7. Girl Meets Boy, by Ali Smith
For something a bit different, try Ali Smith’s novella, Girl Meets Boy. It’s a contemporary update of the genderbending myth of Iphis, a girl raised as a boy who is eventually transformed into a man. Smith’s version takes us to modern day Inverness, Scotland, where Anthea (girl) meets Robin (maybe a boy?). They fall in love and team up for a career as protest artists to the consternation of Anthea’s straight-laced sister, Imogen. Girl Meets Boy is a playful exploration of gender and identity politics. Fluidity and change are key themes, both in terms of identity and social activism. Serious messages about water politics and LGBTQ+ and women’s rights underpin the generally lighthearted tone. It’s beautifully written with word play galore and long, lyrical run-on sentences that read like poetry.
8. For The Winner, by Emily Hauser
For The Winner’s protagonist, Atalanta, is a strangely obscure character. Despite her gender-norm defying exploits, like joining the Quest for the Golden Fleece, she is often overlooked in favor of male heroes like Jason and Hercules. For the Winner puts the focus firmly back on Atalanta, and it’s a fascinating portrait of a woman trying to make it in a man’s world. Hauser expands on Atalanta’s role in the story of the Argonauts, raising interesting questions about women in leadership in the process. It’s also an adventure story with all the romance and danger of the voyage of the Argo. But it’s most interesting as a reexamination of a non-conforming woman in a mythological tradition innately hostile to her. You can also check out the rest of the Golden Apple trilogy for Hauser’s retellings of the Trojan War and the Labours of Hercules, specifically his encounter with the Amazons.
9. Bright Air Black, by David Vann
Bright Air Black follows Medea, another infamous witch, though her story is much darker than Circe’s. Vann’s novel begins with Medea murdering and dismembering her brother and throwing the pieces into the sea. This is a delaying tactic to distract her father, allowing her to escape with Jason after helping him steal the Golden Fleece. Her actions are monstrous, but Vann achieves the difficult task of evoking sympathy for Medea, even in her worst moments. Her frustrations with Jason and the limitations of her role as a woman in ancient Greece are familiar and relatable (though, obviously, her responses to them are not!). Vann’s prose is lyrical, verging on poetry. By contrast, his dialogue can be jarringly contemporary, perhaps to remind us of the foreignness of Medea’s world. Taking inspiration from archaeological evidence, Vann reconstructs a captivating vision of Bronze Age Greece that’s closer to Ancient Egypt than Classical Athens. If you like poetic writing and realism in your historical fiction you should give this book a try.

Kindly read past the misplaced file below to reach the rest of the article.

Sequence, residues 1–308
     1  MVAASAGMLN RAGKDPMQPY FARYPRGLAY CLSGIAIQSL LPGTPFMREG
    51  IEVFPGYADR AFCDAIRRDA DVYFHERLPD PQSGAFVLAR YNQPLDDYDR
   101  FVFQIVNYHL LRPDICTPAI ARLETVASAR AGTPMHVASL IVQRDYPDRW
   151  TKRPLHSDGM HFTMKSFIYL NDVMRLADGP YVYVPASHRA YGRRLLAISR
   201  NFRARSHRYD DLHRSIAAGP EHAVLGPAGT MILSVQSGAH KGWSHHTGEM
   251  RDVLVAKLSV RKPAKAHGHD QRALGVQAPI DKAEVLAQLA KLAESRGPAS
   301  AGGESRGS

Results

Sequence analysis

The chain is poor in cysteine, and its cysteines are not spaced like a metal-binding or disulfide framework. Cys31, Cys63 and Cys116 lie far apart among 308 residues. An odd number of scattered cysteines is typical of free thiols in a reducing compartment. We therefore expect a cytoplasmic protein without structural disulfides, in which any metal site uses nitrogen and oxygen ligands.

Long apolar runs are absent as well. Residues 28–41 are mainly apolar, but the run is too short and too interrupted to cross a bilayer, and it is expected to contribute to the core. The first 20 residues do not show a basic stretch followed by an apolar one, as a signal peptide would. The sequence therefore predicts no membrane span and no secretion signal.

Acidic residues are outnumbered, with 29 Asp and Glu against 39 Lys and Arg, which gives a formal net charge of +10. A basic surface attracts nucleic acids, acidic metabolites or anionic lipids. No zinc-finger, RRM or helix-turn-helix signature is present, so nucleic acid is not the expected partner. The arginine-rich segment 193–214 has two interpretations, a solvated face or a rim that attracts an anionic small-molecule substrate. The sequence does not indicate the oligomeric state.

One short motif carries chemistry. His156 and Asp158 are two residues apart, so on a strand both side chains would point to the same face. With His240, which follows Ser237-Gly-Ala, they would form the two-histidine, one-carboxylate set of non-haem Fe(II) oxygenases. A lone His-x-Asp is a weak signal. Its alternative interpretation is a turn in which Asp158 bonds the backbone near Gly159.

10. Cassandra, by Christa Wolf
We meet Cassandra as a captured slave awaiting her own murder. As in the myth, she’s a Trojan princess and seer who foretold the fall of Troy and her own death, but was never believed. Written as a stream of consciousness, Cassandra flows between different events in the protagonist’s life as she reflects on them, a distraction from her impending death. Wolf takes an unusual approach to the mythology, playing with the traditional details like inventing a romance between Cassandra and Aeneas. It certainly gives familiar stories a fresh feel. The historical context of the novel also adds an interesting twist; written and published in East Germany in 1983, Cassandra’s Troy is a police state paralleling Wolf’s own experiences under Communism. Repression, marginalization, and censorship are all important themes and the glorification of war is scathingly deconstructed. Cassandra is a very original take on the source material.
11. Here, The World Entire, by Anwen Kya Hayward
Another novella, this short but powerful retelling of the story of Medusa packs a punch. With her snake hair and power to turn people into stone, Medusa is one of the most famous monsters in history. Written from Medusa’s perspective, Here, The World Entire flips the story on its head. Medusa becomes a tragic figure, unjustly punished by the gods and isolated from the rest of humanity. Like Circe, it’s a woman’s perspective on the myth. After all, who’s really the villain when a man tracks a woman down to kill her? Hayward also delves into Medusa’s obscure origin story; warning: it’s not pretty. As a meditation on victim-blaming, broken trust and trauma, it can be painful to read. But the writing is elegant, imitating the style of the ancient poets, and the author raises thought-provoking points.
12. Alcestis, by Katharine Beutner
Alcestis was another ancient Greek paragon of femininity, the devoted wife who volunteered to die in her husband’s place. In Alcestis, Beutner proves that shifting the focus of a myth can be extremely revealing. Told from the title character’s perspective, the inevitable question arises: why did she agree to die? Here Alcestis is presented as dutiful and obedient but privately unhappy with her stifling marriage, so much so that she’s willing to die to escape it. Her time in Hades is divided between her search for a beloved sister and an unsettling quasi-romance with Persephone, Queen of the Underworld. The gods are real and present in Alcestis, interacting frequently with the human characters. They are also completely unsanitized for modern audiences. This Persephone is electric and beguiling but also domineering and manipulative in a way some readers might find uncomfortable. Still, if you like well-written retellings that both subvert and stay true to their source, you might enjoy this one.
13. Home Fire, by Kamila Shamsie
Another contemporary update, this fascinating novel takes Antigone’s tale of civil disobedience and family duty and applies it to a Muslim family in modern day London. Isma has raised her twin siblings, Aneeka and Parvaiz, since they were children, but is faced with an agonizing dilemma when Parvaiz runs away to join ISIS. Realizing his mistake, he appeals to his sisters to help him get home. But in a country gripped by fear of terrorism and intensely suspicious of its Muslim citizens, how much can Isma and Aneeka risk? It’s a brilliant concept and raises timely questions about racism, Islamophobia, assimilation and civil liberties. The execution is also superb; even the characters’ names echo their ancient counterparts (Ismene, Antigone, Polynices). Antigone’s themes of loyalty to the State versus loyalty to family and personal convictions map perfectly onto the experiences of British Muslims and other minorities. Home Fire is an excellent example of myth’s power to adapt to new cultural contexts.